Packers QB Aaron Rodgers and Steelers WR Hines Ward, two former Super Bowl MVPs, will appear on NBC's Super Bowl XLVI pregame show. They will serve as guest analysts during the net's six hours of pregame coverage (THE DAILY). USA TODAY's Michael Hiestand notes Sunday's pregame show, which will "include an interview with halftime singer Madonna, will follow the usual formula of getting less fluffy and more football-oriented as it gets closer to kickoff." But what "amounts to pregame programming, such as NBCSN's 'Turning Point' show ... begins days before game day." NBC's Bob Costas said, "Our job is to present fresh and engaging material that people haven't been beaten over the head with for two weeks" (USA TODAY, 2/1). In Salt Lake City, Scott Pierce reports Costas "admitted he won't be interested in all the entertainment aspects" of the pregame show. However, he said there will be elements that "will be of interest to both avid football fans and the casual viewers who fill out the audience." Costas: "There has to be a little bit of a tongue-in-cheek and there has to be a little bit of winking at the audience. The entire six hours will not be, from my perspective, a 10-out-of-10 in terms of what I would be interested in. But some of it may be to someone else. That’s just the way it goes down. You try to do as professional job as you can” (SALT LAKE TRIBUNE, 2/1).
ONLINE STREAMING: The AP's Anick Jesdanun noted he had the chance to test NBC's live online streaming of games and wrote, "I have found the experience decent so far, but no substitute for the big screen." The video quality was "adequate over a cellular connection." Some of the players "looked more like video game characters than real people." Video on the phone "lagged the TV broadcast by about 30 seconds," and online video "lagged the TV broadcast by a full minute." Jesdanun noted Verizon will "block the video in and around the stadium to avoid overrunning its network" (AP, 1/31).
PIONEER DAYS: NFL Network’s Rich Eisen appeared on NBC’s “Last Call With Carson Daly” last night, and Eisen said, “I was here from day one and it was an honor then, just as it is now. The league has gotten bigger and bigger, and thank goodness we're in more homes, and more and more scrutiny is upon us.” Eisen said of the Super Bowl ratings growing every year, “In this world of reality television, there's no greater reality than live sports. And there's no greater live sport right now than the NFL. It's a perfect convergence of the gladiator nature that everybody in America loves to see on display" (“Last Call With Carson Daly,” NBC, 2/1).
HBO Sports President Ken Hershman "promised not to be consumed" by a prospective fight between boxers Floyd Mayweather Jr. and Manny Pacquiao, which "could be the most profitable ever," according to Mitch Abramson of the N.Y. DAILY NEWS. Hershman yesterday said, "I don't think it's imperative. I don't think it's anything the sport needs in terms of saving." He added that the "best strategy for ensuring the fight happens is for HBO to stay out of the negotiations." Abramson notes Hershman's stance is "in contrast from the one that was taken by his predecessor at HBO, Ross Greenburg, who was reportedly forced to resign in July, in part because of a fractured relationship with Pacquiao's promoter, Bob Arum." Greenburg "desperately wanted that fight to happen, and acted as a mediator between the two camps during negotiations that took place in the summer of 2010 that ultimately broke down" (N.Y. DAILY NEWS, 2/1). On Long Island, Greg Logan notes Hershman "expressed his admiration" for Mayweather and Pacquiao. However, he said that "neither needs the other to enhance his legacy." Hershman: "I do believe there is a 'sell-by date' by which time this would become not what it should be, which is the biggest boxing event in history." He "expressed hope that Mayweather and Pacquiao will meet by the end of this year or early in 2013." Hershman noted, "After that, it's going to get less and less relevant" (NEWSDAY, 2/1).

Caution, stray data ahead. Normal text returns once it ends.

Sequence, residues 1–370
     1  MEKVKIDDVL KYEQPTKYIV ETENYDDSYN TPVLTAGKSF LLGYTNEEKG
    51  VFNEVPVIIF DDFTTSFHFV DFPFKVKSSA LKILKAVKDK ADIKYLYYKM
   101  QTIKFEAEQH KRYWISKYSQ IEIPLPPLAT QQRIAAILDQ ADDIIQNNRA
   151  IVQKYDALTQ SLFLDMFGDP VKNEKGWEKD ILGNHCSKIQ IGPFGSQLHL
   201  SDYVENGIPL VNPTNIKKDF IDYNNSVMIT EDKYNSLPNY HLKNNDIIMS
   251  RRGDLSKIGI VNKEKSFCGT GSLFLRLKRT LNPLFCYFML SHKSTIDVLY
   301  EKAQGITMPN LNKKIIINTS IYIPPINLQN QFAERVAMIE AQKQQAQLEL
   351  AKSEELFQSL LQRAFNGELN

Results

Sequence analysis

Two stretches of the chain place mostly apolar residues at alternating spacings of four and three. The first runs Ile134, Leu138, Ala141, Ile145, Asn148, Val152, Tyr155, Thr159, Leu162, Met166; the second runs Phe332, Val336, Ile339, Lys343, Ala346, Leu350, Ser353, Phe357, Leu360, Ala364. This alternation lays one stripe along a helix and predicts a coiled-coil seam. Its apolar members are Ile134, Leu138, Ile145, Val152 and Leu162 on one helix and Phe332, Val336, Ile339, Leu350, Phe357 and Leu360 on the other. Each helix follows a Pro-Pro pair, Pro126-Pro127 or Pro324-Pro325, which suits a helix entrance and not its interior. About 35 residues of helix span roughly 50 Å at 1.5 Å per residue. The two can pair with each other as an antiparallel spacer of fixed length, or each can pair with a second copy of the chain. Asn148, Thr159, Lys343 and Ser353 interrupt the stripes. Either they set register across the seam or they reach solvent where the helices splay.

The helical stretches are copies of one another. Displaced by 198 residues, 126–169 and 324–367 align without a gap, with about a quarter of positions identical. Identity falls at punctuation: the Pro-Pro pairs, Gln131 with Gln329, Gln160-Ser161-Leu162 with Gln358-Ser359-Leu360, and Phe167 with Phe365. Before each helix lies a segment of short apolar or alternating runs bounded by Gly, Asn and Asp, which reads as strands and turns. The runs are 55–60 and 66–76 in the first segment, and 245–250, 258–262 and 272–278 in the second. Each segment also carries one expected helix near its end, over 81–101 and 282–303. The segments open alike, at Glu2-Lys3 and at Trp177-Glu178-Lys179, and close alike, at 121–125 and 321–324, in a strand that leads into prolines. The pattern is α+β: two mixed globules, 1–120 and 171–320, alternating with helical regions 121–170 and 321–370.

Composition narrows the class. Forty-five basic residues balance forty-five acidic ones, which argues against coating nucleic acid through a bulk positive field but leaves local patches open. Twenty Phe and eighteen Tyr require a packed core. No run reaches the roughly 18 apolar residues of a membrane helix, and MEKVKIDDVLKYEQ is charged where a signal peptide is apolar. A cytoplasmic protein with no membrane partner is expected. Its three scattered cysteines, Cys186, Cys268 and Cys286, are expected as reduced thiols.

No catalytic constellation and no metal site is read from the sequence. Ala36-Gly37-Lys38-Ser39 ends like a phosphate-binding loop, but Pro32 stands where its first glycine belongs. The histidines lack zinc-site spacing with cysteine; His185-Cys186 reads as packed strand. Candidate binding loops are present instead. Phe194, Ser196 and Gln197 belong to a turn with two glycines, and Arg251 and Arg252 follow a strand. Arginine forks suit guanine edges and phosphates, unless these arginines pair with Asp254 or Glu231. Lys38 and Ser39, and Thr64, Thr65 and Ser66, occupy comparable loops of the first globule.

LOTS OF RESPONSIBILITIES: ESPN.com's Dan Rafael wrote Hershman, who joined HBO in October, is "starting to delve more into programming the network's fights for the second quarter and beyond." Besides boxing, Hershman also oversees "a critically acclaimed sports documentary department" that produces "24/7" and news magazine show "Real Sports with Bryant Gumbel." But Rafael noted boxing "is the foundation." Hershman is keeping his plans "close to the vest," but did say that he "likes the idea of continuing to do tournaments." He also is "open to more heavyweight action, especially involving champion brothers Wladimir and Vitali Klitschko." But Hershman said that he "sees no big-time matchups on the horizon" (ESPN.com, 1/31).
The founders of sports media company the Whistle have a “single aspiration: create an ESPN for kids,” according to Richard Sandomir of the N.Y. TIMES. ESPN’s "many spin-offs include none for the 6- to 16-year-olds in the Whistle’s sights." Rather than build an “old-style brick-and-mortar cable network,” Whistle is "plotting its digital domain out of its Web site; a channel on YouTube; channels that it hopes to occupy on the major gaming consoles; and time that it is buying on the NBC Sports Network." Whistle execs believe that their "audience can be found among the tens of millions of children who play organized sports and who navigate with increasing ease between televisions, computers, tablets, cell phones, apps and social media.” Whistle Chair John West founded the company with former Gatorade Senior VP/Sports Marketing Jeff Urban and former Nickelodeon Exec Producer Kit Laybourne. The company's website, thewhistle.com, is scheduled to make its debut Friday. The programming “will not resemble ESPN’s cut down to child’s size.” It will put “youngsters at the center of the mix, inviting them to upload their videos of backyard and organized games; to interact with pro athletes like DeMarcus Ware; to become sportscasters; and to re-enact some of the greatest plays in sports history.” It will also “provide games, instructional and animated shows, and programming created from footage leased from leagues and other entities.” The "first league agreement, with the NFL, is expected to be announced this week." The two-year deal lets the Whistle “use NFL Films content and develop original shows” with the league. If the "arrangement works, the NFL has the option to become a minority owner.” The Whistle’s deal to "carry its programming on a YouTube channel, which will be able to make use of the sports videos on the site, is to begin in April.” It will also have a half-hour block on Saturdays starting in September on the NBC Sports Network that is “designed to be an incubator for new ideas.” The venture’s investors include Derek Jeter, Peyton Manning, Mia Hamm, former MLB President & COO Bob DuPuy and Clear Channel Communications Chair of Media & Entertainment Platforms Bob Pittman (N.Y. TIMES, 2/1).